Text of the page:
"Cells that fire together wire together" – the more natural repetition that is build into learning and the more senses engaged in the learning, the more the learning is embedded and accessible.
A feeling of progress motivates learners to persist in tasks that could seem daunting or even tedious. Success breeds success. By designing learning (using for example the AL cycle) learners continuously success, make progress and see the relevance of the learning to their lives.
Novelty in a stress free environment arouses and engages attention. It is important to create a environment free of high stress, and one that offers novel experiences – ones that arouses attention. The methods, the environment itself, the changes embedded into the learning design all support novelty and attention.
Self-efficacy or being in control of one’s own learning and actions facilitates learning because it sets the right emotional tone and motivates. When we enable learners to co-create the learning, they learn more and deeper.
The brain-mind is social. We learn more together in collaboration than alone. When we talk about the content, we learn at a deeper level as well.
Patterning is a key element of learning and emotional connection improves the ability to pattern.
When we write down things and put a time and place to when we are going to do them, it increases intention in the brain. Reflection activities, action plans, and ways to end a learning module, day or program helps learners take the learning back and apply it.
The leader/facilitator’s mood, attitude, emotions and ability to empathize and connect with learners impacts learners ability to learn, their emotional state and how they see themselves and the learning. As facilitators of learning our own self-awareness, self-regulation and ability to empathize and manage our own state supports others in their learning. "We teach what we are!"

Many IAL conference sessions are designed to help you discover how to apply the science to the art of teaching. And, because we practice what we preach, the conference will engage you in multiple ways to promote your own learning! Visit to see our complete program,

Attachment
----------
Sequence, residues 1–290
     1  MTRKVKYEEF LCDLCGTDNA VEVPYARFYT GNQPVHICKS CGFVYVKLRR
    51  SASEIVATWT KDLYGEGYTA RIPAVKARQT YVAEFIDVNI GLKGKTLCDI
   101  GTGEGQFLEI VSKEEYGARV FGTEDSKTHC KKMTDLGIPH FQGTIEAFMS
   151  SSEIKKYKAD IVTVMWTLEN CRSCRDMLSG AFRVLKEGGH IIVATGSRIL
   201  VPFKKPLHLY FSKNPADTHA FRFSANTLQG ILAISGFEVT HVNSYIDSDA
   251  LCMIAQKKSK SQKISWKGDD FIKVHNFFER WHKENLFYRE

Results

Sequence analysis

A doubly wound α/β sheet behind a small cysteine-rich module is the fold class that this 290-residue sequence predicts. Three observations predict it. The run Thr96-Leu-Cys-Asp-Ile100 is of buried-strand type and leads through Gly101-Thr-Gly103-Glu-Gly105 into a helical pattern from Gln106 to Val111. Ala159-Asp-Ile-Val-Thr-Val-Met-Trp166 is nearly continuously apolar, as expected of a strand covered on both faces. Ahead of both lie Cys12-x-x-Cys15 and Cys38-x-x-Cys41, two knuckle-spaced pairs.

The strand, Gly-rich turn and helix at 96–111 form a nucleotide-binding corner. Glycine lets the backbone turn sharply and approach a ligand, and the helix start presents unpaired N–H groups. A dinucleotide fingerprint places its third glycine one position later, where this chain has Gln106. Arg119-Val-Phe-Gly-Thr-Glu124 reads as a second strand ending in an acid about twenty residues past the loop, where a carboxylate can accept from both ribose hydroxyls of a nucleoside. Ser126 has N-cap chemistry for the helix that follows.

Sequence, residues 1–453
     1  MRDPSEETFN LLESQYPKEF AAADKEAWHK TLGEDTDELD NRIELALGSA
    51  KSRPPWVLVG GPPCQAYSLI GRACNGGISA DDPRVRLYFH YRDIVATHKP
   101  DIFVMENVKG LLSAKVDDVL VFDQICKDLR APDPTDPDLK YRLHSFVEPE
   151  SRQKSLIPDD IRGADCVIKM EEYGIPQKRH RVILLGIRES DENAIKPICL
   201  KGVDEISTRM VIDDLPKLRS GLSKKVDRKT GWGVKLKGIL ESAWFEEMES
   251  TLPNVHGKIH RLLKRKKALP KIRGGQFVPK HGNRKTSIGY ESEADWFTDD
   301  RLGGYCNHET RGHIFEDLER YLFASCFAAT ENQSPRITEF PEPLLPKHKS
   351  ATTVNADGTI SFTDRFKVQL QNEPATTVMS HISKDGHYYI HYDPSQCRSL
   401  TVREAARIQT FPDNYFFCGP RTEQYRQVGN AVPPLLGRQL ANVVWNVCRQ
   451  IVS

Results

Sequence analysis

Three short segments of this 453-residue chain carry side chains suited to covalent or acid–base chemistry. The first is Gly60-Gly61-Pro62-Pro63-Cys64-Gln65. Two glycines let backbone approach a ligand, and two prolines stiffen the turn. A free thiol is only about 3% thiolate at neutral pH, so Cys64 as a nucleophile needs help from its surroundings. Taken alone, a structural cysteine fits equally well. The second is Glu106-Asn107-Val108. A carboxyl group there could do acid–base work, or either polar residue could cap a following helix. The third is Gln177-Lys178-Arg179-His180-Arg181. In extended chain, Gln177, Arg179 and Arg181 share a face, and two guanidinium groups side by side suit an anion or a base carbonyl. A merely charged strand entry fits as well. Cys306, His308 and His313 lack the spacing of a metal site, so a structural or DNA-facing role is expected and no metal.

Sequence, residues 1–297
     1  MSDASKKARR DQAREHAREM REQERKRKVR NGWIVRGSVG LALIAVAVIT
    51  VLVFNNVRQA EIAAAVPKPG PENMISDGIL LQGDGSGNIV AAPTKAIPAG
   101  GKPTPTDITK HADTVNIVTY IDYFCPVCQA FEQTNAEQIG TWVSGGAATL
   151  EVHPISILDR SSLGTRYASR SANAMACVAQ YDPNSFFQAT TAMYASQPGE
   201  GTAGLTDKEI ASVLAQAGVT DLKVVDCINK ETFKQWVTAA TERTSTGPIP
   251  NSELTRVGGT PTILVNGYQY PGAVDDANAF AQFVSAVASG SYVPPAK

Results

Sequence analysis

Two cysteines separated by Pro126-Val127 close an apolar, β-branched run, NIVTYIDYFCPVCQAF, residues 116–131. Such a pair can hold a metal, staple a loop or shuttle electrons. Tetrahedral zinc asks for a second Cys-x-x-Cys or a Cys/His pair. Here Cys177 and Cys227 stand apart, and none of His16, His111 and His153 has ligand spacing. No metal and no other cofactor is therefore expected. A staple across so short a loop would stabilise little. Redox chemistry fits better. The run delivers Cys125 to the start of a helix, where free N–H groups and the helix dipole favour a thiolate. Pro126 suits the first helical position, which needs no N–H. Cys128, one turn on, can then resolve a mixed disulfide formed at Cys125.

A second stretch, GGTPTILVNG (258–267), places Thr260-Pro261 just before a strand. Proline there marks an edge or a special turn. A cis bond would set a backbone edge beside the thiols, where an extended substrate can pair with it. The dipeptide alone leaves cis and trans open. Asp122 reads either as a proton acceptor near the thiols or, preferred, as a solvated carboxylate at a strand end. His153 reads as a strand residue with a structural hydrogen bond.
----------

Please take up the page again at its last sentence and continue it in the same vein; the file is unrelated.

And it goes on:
A preview from Gail Heidenhain, IAL Board Chair, of some ideas coming in the IAL International Conference January 14-17, 2010.

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Brain-Based Learning: The New Paradigm of Teaching by Eric P. Jensen
Order by calling 800-469-3560 or emailing and get your 10% discount by mentioning RIR

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Bosses Go Undercover

  Martin Walker is just an average construction worker at Clugston Group in Northern England. He lays concrete. He cleans drains. He gets his hands dirty.

But the employees who got to know Martin Walker over a two-week period were stunned to find out later that he was really Stephen Martin, CEO of the 600-employee company.

Martin simply ditched his suit, grew a beard and began working as a rank-and-file construction guy -- hoping to gain valuable information about what really affects his workforce.

The trick was part of a British TV show called Undercover Boss. (CBS has planned a U.S. version for its 2009-2010 season.)

Armed with knowledge of the way lower-level workers go about their days and respond to corporate initiatives, Martin changed HR practices. He's now convinced that communication from an HR executive wearing a suit and tie, and sitting in an office somewhere, is just not that effective.

HR, he says, should spend more time on worksites, rather than sending employees newsletters or mass e-mail.

"Our key messages were just not getting through to people," Martin told the Financial Times. "People working a shift on a large site do not have time to read newsletters or log on to Web sites. You have to communicate with people on their terms, and it is different for every location. One size does not fit all."

John Younger, a partner at HR management and consulting firm RBL Group in Short Hills, N.J. says there are better ways to find out employees' unfiltered work-related opinions.

"I don't know if getting punked by your CEO is a good definition of leadership," he says. "You might get some interesting info and it might be helpful, but you have destroyed trust within your organization. Imagine how fast suspicion grows if you're not sure if the guy to your right or left is your co-worker or your boss in disguise?"

Rather than "creating a legacy of suspicion," he says, a leader should hold frequent meetings at which employees know they can say what they want without being punished.

"[Employees] won't [be so open] the first time [and] they may not even be open the second time but if you . . . demonstrate that you are sincerely interested in what they have to say, that you're going to take action to fix the issues they describe and you won't punish people for telling the truth -- that's a much more enduring recipe for an open and trusting relationship between the top and the bottom."

From HR Executive Online, September 16, 2009

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My Best Boss Ever by Rory Rowland and Tedi H. Rowland
It's Okay to Be the Boss: The Step-by-Step Guide to Becoming the Manager Your Employees Need by Bruce Tulgan.  Order by calling 800-469-3560 or emailing and get your 10% discount by mentioning RIR

Tools: Recruit Inspire Train Retain

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November 5-6, 2009
ASAE’s Social Media Workshop, Marriott Learning Complex, Washington, D.C.

November 6-8, 2009